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Practical Panoramic Imaging

Course Number: 589

Features of an Ideal Panoramic Radiograph

There are two general features that distinguish this panoramic from a poor one – they are adequate exposure and correct anatomic representation.

Figure 31.Example of an excellent edentulous panoramic radiograph with adequate exposure and correct anatomic representation.

Adequate exposure – An assessment of adequate exposure implies that there is adequate density and contrast to recognize anatomic features.

  • Density

     

    - The ideal density should be such that structures are not obstructed by areas of darkness i.e. areas of “burn out” or areas that are too light i.e. areas of “white out”. Visually this can be assessed by looking at the mandibular parasymphyseal area and region associated with the apices of the maxillary teeth. In the maxilla this is most evident when the tongue is not held in position during panoramic exposure.

     

    Excessive or inadequate density

     

    can lead to failure to detect features such as unerupted and impacted teeth or even pathology. A dark or high-density image is usually caused by overestimation of the patient’s overall size, stature and bone density while a light or low-density image is usually caused by underestimation of the patient’s overall size, stature and bone density.

Figure 32.Regions on a panoramic radiograph to look at to determine adequate density.

Figure 33.Example of an overexposed panoramic radiograph.

Example of an overexposed panoramic image:

Figure 34a.

Figure 34b.

Images demonstrating how excessive exposure can lead to failure to detect pathologic features. The image on the right is a digitally enhanced version of the left overexposed panoramic radiograph and clearly demonstrates the appearance of a radiolucent region causing expansion and thinning of the inferior cortex of the right mandible – features that were not evident on the original.

Example of an underexposed panoramic image:

Figure 35a.

Figure 35b

Images demonstrating how inadequate exposure can lead to failure to detect pathologic features. This image on the right is a digitally enhanced version and clearly demonstrates the appearance of an impacted mandibular right third molar that was not readily apparent on the original (left). This enhancement also clearly demonstrates a large pericoronal pathology that seems to involve the right second mandibular molar.

  • Contrast – The second element of adequate exposure assessment is contrast. This can best be assessed by determining if the interface between the enamel and the dentine can be seen, usually in the molar region.

Figure 36.Assessment of contrast in panoramic radiograph.

Anatomically representative – A panoramic should be a good representation of the maxillofacial structures that it images. This means that there is adequate coverage of the osseous structures and that they are represented with some degree of accuracy. To determine correct anatomic representation, a visual assessment of the panoramic radiograph should be performed for accuracy of both anatomic structures and the dentition.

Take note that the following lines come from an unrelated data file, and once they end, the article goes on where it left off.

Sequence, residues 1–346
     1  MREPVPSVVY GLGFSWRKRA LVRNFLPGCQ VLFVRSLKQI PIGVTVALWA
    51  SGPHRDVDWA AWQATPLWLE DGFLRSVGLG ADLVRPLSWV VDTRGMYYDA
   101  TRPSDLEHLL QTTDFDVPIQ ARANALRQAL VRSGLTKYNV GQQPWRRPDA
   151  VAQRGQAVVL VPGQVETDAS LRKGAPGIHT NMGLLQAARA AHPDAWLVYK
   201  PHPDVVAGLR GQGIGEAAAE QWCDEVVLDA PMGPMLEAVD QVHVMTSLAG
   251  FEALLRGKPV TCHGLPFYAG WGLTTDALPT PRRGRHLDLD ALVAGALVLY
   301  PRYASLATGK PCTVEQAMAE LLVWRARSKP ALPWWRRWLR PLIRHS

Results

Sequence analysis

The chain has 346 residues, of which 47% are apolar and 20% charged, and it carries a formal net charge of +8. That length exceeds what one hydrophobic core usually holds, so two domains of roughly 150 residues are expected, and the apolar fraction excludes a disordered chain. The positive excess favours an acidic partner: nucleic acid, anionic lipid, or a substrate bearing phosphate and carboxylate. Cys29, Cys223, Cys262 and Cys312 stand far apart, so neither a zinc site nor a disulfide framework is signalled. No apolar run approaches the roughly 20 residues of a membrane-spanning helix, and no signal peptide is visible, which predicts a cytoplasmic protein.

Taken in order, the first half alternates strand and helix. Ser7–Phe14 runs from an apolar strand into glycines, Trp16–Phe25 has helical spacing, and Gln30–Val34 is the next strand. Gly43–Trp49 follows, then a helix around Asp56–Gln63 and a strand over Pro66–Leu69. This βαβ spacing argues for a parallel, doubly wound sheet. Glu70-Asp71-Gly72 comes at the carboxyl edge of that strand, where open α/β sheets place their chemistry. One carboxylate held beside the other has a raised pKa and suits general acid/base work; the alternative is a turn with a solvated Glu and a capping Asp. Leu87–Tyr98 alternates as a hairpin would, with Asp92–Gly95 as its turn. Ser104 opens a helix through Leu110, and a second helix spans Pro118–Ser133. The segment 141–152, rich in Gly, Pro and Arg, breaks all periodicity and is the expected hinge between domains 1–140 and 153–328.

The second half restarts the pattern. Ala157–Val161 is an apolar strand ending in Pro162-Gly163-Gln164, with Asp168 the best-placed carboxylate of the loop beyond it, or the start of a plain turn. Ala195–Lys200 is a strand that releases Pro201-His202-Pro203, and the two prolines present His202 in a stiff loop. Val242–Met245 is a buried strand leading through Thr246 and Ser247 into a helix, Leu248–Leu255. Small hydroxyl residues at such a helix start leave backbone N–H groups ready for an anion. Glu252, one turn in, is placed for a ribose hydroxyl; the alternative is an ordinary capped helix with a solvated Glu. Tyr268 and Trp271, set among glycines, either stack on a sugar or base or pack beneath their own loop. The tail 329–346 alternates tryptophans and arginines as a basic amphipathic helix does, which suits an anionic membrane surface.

• Anatomic assessment – Several features can be used to determine anatomic accuracy including:

    • The condyles are on image – Usually in the upper outer sextant and at same level.

    • Palate and ghost images of palate should be above the apices of the maxillary teeth, running through the lower portion of the maxillary sinus.

    • Ramus width should be very similar on both left and right sides.

Figure 37.Anatomic features to be compared in the assessment of panoramic anatomic accuracy.

Panoramic anatomy – A reference for anatomic structures commonly observed on panoramic diagram appears below. Many of these structures are mentioned in the prior text and in the subsequent discussion of common errors.

Figure 38.

1. Mandibular Condyle12. Cervical Vertebra23. Genial Tubercles
2. Coronoid Process13. Zygomatic Process24. Nasal Concha
3. Nasopharyngeal Airspace14. Incisive Foramen25. External Oblique Ridge
4. Oropharyngeal Airspace15. Mandibular Foramen26. Angle of the Mandible
5. Styloid Process16. Mandibular Canal Space27. Zygomatic Bone
6. Lateral Pterygoid Plate17. Soft Palate28. Glenoid Fossa
7. Zygomatic Arch18. Hyoid Bone29. Inferior Border of the Mandible
8. Articular Eminence19. Hard Palate30. Palatoglossal Airspace
9. Anterior Nasal Spine20. Nasal Septum31. Pterygomaxillary Fissure
10. Mental Foramen21. Maxillary Sinus Floor32. Maxillary Tuberosity
11. Infraorbital Canal22. Nasal Fossa33. Zygomaticotemporal Suture

Features of the Dentition – Several visual features of the dentition can be used to assess whether the teeth, particularly the anterior teeth are positioned correctly within the focal trough:

  • No or slight upward curve of teeth

  • No tooth size discrepancy on left or right side

  • Anterior teeth in focus (see pulp canal clearly)

  • Anterior teeth shape “normal”

  • Not too narrow or too wide

  • Premolars will always overlap due to inherent x-ray beam projection to the arch of the teeth in this region.

Figure 39 - Features of the dentition to be compared in the assessment of panoramic anatomic accuracy.